Mar 19, 2019
In Numbers 15, we found out that there were sacrifices that could be made for unintentional sins— whether done by the whole community or by an individual. But there was no sacrifice to cover an intentional sin— such as working on the Sabbath, as was so clearly illustrated by the man who gathered wood on the Sabbath. Then at the very end of chapter 15, we heard the instruction about the tassels with a blue cord that were to hang on the four corners of the Israelites’ garments. Those are the tassels that Tevia in Fiddler on the Roof doesn't know the meaning of.
While this is a song praising God’s unfailing love, notice how some parts of this poem are so appropriate to what we just read about Dathan, Abiram, and Korah.
Chapter 22 ended with Peter's denial of being a follower of Jesus, and we heard of the council's decision against Jesus.
Ps. 36:1 Sin speaks to the wicked deep in their hearts; they reject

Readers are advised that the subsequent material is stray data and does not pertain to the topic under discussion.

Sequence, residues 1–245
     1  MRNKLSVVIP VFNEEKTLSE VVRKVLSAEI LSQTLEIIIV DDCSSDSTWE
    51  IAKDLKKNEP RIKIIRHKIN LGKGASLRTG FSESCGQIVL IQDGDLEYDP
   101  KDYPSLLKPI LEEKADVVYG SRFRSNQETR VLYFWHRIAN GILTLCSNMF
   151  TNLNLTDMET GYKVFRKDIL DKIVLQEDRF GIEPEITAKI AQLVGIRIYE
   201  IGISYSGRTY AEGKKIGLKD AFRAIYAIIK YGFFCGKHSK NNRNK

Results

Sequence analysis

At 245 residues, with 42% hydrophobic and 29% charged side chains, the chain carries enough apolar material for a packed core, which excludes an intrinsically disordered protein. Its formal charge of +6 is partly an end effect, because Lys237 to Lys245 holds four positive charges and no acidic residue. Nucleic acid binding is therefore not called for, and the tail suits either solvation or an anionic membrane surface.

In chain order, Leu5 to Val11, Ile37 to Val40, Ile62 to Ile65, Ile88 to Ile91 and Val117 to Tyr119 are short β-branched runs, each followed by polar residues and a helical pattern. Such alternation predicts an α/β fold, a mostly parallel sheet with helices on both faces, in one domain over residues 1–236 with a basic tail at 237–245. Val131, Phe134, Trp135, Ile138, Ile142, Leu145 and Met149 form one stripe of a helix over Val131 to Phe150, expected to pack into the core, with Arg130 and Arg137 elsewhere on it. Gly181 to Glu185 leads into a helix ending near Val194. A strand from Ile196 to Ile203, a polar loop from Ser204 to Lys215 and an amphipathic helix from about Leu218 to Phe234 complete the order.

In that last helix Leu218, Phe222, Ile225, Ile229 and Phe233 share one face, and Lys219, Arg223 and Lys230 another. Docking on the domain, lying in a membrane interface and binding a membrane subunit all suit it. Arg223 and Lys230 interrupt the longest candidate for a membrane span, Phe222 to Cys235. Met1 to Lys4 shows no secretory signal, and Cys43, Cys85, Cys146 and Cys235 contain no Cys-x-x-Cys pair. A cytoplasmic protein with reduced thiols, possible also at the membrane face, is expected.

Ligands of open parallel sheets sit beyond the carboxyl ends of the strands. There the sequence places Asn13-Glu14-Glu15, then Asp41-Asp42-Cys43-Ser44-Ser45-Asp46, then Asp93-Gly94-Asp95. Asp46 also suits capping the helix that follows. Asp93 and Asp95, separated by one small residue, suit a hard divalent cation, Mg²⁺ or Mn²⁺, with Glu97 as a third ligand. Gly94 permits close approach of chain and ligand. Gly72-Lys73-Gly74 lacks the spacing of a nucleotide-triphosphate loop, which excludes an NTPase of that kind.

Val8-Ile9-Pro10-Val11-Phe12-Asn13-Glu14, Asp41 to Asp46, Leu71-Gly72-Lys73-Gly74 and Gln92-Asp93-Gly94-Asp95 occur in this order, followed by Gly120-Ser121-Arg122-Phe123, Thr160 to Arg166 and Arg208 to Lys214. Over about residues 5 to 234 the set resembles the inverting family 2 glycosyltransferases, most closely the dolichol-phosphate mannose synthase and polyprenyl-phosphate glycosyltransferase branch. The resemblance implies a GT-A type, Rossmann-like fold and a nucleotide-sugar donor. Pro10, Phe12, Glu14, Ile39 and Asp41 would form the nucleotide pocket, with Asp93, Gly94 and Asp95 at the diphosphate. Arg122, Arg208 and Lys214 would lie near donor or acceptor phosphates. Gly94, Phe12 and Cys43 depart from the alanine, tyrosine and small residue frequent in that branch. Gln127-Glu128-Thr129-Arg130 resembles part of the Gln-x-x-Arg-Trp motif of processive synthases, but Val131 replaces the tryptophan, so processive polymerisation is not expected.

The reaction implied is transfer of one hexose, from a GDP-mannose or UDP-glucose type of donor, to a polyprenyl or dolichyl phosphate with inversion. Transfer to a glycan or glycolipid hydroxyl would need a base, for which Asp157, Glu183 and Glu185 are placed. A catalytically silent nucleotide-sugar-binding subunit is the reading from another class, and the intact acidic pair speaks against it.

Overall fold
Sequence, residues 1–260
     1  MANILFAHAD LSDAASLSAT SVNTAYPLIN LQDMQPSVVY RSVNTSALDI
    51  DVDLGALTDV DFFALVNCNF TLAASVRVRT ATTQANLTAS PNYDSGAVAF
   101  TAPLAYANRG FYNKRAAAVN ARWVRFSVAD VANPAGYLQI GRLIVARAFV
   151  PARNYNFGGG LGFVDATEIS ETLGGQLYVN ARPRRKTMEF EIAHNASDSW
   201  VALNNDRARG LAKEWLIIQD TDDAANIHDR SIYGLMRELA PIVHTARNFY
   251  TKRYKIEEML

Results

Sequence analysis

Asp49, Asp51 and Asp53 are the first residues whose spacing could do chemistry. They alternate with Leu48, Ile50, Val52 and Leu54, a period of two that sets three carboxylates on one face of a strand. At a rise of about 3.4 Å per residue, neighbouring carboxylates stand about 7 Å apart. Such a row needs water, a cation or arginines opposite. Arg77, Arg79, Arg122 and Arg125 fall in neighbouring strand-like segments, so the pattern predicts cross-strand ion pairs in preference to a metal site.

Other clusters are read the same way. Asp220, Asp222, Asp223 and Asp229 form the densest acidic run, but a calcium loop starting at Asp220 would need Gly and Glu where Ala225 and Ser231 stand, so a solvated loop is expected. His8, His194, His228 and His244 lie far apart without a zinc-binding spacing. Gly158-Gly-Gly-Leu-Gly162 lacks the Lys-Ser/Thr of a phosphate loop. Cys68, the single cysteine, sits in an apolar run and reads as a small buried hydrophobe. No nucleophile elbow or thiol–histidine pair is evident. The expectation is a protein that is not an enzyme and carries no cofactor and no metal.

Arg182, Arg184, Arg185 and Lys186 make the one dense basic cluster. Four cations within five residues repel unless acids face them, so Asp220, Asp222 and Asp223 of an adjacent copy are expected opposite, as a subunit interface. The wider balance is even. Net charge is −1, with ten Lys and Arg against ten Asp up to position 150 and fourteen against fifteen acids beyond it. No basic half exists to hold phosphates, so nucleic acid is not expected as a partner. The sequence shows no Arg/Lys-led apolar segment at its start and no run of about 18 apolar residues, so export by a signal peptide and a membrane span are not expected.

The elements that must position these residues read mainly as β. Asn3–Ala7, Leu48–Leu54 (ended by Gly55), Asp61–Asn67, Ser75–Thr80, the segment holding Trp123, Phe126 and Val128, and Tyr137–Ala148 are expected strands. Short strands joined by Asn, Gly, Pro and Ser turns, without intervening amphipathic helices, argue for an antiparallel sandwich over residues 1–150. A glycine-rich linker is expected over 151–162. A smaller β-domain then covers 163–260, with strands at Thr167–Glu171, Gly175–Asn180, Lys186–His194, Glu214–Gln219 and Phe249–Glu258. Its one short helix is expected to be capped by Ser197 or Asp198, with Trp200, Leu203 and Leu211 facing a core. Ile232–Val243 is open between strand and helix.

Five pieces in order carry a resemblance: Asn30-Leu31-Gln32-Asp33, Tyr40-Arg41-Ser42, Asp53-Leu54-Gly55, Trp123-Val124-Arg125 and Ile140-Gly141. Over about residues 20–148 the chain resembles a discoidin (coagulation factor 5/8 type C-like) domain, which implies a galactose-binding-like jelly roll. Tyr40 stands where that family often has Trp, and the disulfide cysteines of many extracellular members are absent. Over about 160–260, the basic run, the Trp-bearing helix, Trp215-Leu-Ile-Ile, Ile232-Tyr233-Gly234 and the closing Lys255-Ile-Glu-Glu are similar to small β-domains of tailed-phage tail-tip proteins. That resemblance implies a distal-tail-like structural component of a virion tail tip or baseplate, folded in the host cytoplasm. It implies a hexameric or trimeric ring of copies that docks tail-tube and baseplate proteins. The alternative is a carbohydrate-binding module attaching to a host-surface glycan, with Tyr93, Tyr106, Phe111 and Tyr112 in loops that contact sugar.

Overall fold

God and do not have reverence for him.
2 Because they think so highly of themselves,
they think that God will not discover their sin and condemn it.
10 [O Lord,] Continue to love those who know you and to do good to those who are righteous.
3 Pilate asked him, “Are you the king of the Jews?” “[It is right, as you say.//So you say,]” answered Jesus.
Luk. 23:3 So Pilate asked him, “Are you the king of the Jews?”
Jesus replied, “[You are the one who says it.//You have said it.]”
34 Jesus said [about the ones crucifying him//0], “Father, forgive them, for they don’t know what they are doing.” And the soldiers gambled for his clothes by throwing dice.
50 Now there was a good and righteous man named Joseph. He was a member of the Jewish high council, 51 but he had not agreed with the decision and actions of the other religious leaders. He was from the town of Arimathea in Judea, and he was [one of those//0] waiting for the Kingdom of God to come.